What sort of structure is appropriate within a church? How do elders and trustees relate? What level of ‘hands on’ management and direction over a particular ministry is appropriate by trustees? These are some of the questions that need to be addressed as you proceed with registering and managing a separate charity. Let’s look at some of the key issues.
Charitable Trust or Charitable Company?
Currently I prefer the charitable company. Why? First, because this follows a company structure with directors (trustees) and members. The members appoint the directors and this mechanism provides a way of ensuring the church and trust do not get separated. For example, in our church we have only one member of the ‘social’ trust and that is a ‘corporate member’ in the form of the charitable company that represents the church. Thus, the trustees of the church, acting on behalf of that corporate member, appoint the directors (trustees) of the social trust. This ensures the social trust remains ‘tied in’ to the church trust.
The second significant benefit is that the liability of the individual trustee is limited in a company structure whereas in a trust structure the liability is unlimited. So, if something goes wrong with the charity, and there has been no negligence, the company is a more appropriate legal instrument than the trust. But obviously there are many aspects to this and, once again, I urge that legal advice is taken in making this decision.
I started this section with ‘currently’. There will very shortly be the opportunity to use a new type of charity structure called “CIO” (Charitable Incorporated Organisation) which is an amalgam of the trust and company; in many ways this has the best of both. Because it is so new, I would once again, recommend talking to advisers if you think this may be the best route for you.
Who should be the trustees?
In order to strengthen the link between the two trusts (church and ‘social’) I encourage churches to have the same trustees for both bodies. This helps ensure a close bond between the two. Also, practically, it allows urgent matters in one trust to be handled on the same occasion as the trustees are meeting for the other trust. (Obviously appropriate steps must be taken in giving notice of meetings, recording of minutes etc. to ensure they are kept separate but this can save a lot of time and extra meetings.)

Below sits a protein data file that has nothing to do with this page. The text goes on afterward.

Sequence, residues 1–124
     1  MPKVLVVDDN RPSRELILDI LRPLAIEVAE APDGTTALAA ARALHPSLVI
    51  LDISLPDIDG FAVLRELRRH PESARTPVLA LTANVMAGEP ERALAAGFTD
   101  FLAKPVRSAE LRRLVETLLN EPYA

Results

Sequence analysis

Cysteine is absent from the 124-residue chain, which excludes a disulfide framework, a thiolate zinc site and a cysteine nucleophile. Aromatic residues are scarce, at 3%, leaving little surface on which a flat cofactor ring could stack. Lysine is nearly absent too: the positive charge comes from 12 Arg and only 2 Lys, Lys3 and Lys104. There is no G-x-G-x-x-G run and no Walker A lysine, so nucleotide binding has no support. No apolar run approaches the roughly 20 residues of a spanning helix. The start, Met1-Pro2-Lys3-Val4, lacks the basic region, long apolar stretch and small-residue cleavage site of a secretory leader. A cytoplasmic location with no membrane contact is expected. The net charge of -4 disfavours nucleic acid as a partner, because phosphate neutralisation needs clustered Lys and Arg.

What sorts of people?
Who is appointed depends a great deal on the role they are expected to fulfil. The minimum they must do is to protect the trust(s) and ensure that all activities are carried out within the objects and terms of the Trust Deed (if a charitable trust) or the Memorandum and Articles of Association (if a charitable company).
Next, they must have a very good trusting working relationship with the church elders, who bring the spiritual oversight. There is an excellent paper available free from Stewardship. (See Stewardship’s Briefing Paper “Guide to churches on spiritual leadership and trustees” in their ‘Legal and property’ section.)
It is essential that the trustees have a spiritual maturity which allows them to stand in faith with the elders since the elders cast vision and give direction to the church. In Acts 6 the emphasis is on the spiritual leadership appointing practical people to take responsibility for some practical problems in order to relieve the apostles (who were probably also the elders in the early church in Jerusalem) from having to get too involved. I think there is something of a model here for trustees, though there are also many differences – no charities existed in those days! The seven who were appointed in Acts 6 were mature and trustworthy. They understood the people and were recognised by them (they were of ‘good repute’). They did not compete for leadership but complemented the apostles’ gifting.
In the next posting we will consider some further qualities of trustees.